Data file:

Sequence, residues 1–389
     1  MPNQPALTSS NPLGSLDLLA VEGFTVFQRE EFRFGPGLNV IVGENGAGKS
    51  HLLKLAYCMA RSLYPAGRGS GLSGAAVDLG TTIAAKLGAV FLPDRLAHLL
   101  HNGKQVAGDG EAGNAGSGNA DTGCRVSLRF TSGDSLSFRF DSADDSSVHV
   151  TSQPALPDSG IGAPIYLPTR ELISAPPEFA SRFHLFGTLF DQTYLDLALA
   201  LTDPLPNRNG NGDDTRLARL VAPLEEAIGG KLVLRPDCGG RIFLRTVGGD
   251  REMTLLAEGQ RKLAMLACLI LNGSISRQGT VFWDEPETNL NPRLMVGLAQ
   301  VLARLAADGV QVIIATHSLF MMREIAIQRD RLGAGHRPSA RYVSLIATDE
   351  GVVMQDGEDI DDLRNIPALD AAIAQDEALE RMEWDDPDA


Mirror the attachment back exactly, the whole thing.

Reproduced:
Sequence, residues 1–389
     1  MPNQPALTSS NPLGSLDLLA VEGFTVFQRE EFRFGPGLNV IVGENGAGKS
    51  HLLKLAYCMA RSLYPAGRGS GLSGAAVDLG TTIAAKLGAV FLPDRLAHLL
   101  HNGKQVAGDG EAGNAGSGNA DTGCRVSLRF TSGDSLSFRF DSADDSSVHV
   151  TSQPALPDSG IGAPIYLPTR ELISAPPEFA SRFHLFGTLF DQTYLDLALA
   201  LTDPLPNRNG NGDDTRLARL VAPLEEAIGG KLVLRPDCGG RIFLRTVGGD
   251  REMTLLAEGQ RKLAMLACLI LNGSISRQGT VFWDEPETNL NPRLMVGLAQ
   301  VLARLAADGV QVIIATHSLF MMREIAIQRD RLGAGHRPSA RYVSLIATDE
   351  GVVMQDGEDI DDLRNIPALD AAIAQDEALE RMEWDDPDA